Six Nations 2021: Paul O’Connell admits Ireland role was too good to turn down and would have 'regretted refusing' offer

PAUL O’CONNELL got an offer he could not refuse when he was asked to join Ireland’s backroom team.

O’Connell suggested he was done with coaching in May 2019 when he quit Stade Francais after just a year with the club.

But the former Munster, Ireland and Lions second row is back in work after agreeing to become forwards coach for Andy Farrell with Simon Easterby switching to defence coach.

He accepted not only because it suited family-wise but with the words of a former Munster coach ringing in his ears.

Explaining his about-turn, O’Connell said: “I suppose the opportunity was great. My family don’t have to move anywhere.

“I would have spoken to one or two other clubs but we gave Paris a crack then moved back to Limerick and the kids are very happy in their schools where they live.

“I didn’t really want to be moving them again so this opportunity to work with these guys but at the same time live at home was a great one.

“I think there are certain jobs in club coaching which are probably incredible jobs but they are pretty relentless when you’ve a young family.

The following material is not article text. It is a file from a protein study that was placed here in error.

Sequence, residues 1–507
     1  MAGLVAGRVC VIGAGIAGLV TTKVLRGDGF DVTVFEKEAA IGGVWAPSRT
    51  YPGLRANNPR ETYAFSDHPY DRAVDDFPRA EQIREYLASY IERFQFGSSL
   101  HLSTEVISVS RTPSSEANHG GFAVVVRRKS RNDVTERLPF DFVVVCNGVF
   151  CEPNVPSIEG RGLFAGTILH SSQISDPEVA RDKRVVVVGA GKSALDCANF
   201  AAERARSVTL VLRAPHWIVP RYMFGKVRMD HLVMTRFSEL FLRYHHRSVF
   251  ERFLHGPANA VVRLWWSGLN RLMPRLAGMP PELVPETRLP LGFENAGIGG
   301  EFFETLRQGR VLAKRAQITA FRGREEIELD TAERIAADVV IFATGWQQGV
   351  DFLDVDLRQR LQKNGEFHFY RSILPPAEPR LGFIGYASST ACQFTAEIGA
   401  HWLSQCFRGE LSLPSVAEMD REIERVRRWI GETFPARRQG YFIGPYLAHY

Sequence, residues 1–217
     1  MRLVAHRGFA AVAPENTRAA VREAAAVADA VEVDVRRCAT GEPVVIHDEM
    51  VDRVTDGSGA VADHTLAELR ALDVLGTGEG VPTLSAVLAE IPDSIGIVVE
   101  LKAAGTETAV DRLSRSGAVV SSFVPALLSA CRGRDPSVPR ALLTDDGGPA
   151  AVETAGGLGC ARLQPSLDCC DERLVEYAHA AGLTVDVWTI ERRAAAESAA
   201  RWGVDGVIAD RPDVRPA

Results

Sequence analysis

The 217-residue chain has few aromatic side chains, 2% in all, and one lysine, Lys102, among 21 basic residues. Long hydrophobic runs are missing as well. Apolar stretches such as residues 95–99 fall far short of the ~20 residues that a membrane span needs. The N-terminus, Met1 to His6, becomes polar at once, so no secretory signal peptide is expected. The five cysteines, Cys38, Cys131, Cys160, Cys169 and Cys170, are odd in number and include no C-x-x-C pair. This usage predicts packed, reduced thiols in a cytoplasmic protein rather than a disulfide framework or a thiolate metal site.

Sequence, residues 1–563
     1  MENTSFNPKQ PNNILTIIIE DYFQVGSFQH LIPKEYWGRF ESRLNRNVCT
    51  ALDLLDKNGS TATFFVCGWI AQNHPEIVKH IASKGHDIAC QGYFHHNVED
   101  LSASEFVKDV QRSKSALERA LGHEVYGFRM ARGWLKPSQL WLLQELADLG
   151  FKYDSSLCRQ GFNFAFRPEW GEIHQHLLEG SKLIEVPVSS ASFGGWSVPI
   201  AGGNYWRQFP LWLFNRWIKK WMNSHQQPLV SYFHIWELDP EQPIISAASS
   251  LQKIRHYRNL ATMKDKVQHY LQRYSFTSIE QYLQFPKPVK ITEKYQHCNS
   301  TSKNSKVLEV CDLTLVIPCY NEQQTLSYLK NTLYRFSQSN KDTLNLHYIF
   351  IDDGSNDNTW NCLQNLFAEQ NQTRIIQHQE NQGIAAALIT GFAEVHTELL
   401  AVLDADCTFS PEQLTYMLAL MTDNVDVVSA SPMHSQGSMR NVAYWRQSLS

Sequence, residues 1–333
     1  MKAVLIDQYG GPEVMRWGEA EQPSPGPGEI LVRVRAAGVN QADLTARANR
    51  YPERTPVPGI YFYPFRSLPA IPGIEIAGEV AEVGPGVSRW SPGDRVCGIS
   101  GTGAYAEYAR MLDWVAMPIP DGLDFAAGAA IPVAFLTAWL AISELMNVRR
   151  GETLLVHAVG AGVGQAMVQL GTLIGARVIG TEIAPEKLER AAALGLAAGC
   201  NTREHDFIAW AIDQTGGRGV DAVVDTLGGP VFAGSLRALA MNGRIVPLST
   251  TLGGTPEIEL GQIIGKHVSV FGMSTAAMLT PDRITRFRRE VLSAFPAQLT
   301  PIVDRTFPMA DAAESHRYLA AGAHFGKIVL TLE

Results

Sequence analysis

“The guys that are in those jobs — there are some young guys — but there are some older guys as well where a lot of the hard work is done with their kids.

“That was one of the big challenges of Paris for us. It was incredibly enjoyable but you’ve a game on Saturday, you’re gone, you’re upstairs in an office for six or seven hours on Sunday.


“And then you’re leaving the house on a Monday morning at five o’clock.

“So when you’ve young kids, that’s a challenge. International coaching isn’t quite as many games.

“I obviously worked with Simon towards the end of my career. I really enjoyed working with him. We had a great working relationship.

“I remember Alan Gaffney saying when he came to Munster he didn’t want to die wondering.


“If Andy hadn’t picked up the phone to me I probably would have moved on happily.

“But when he did I felt it was something that I would have regretted refusing, even though it meant I had to get the skates under me and start preparing very quickly.”

The 41-year-old does not believe players will be overawed by his presence in camp, despite his standing in the game.

He said: “They probably say nice things in the media because they have to.

“I hope they appreciate how much the job means to me, to be involved in an Irish rugby team, to be involved in selecting Irish players.

“Andy picks the team but we’re involved in selecting Irish players to wear an Irish jersey and that’s a pretty big responsibility for me.”

Farrell’s plans for Sunday’s Six Nations opener with Wales have been dealt a blow with Caelan Doris returning to Leinster suffering from concussion symptoms and Connacht’s Quinn Roux ruled out with a neck problem.

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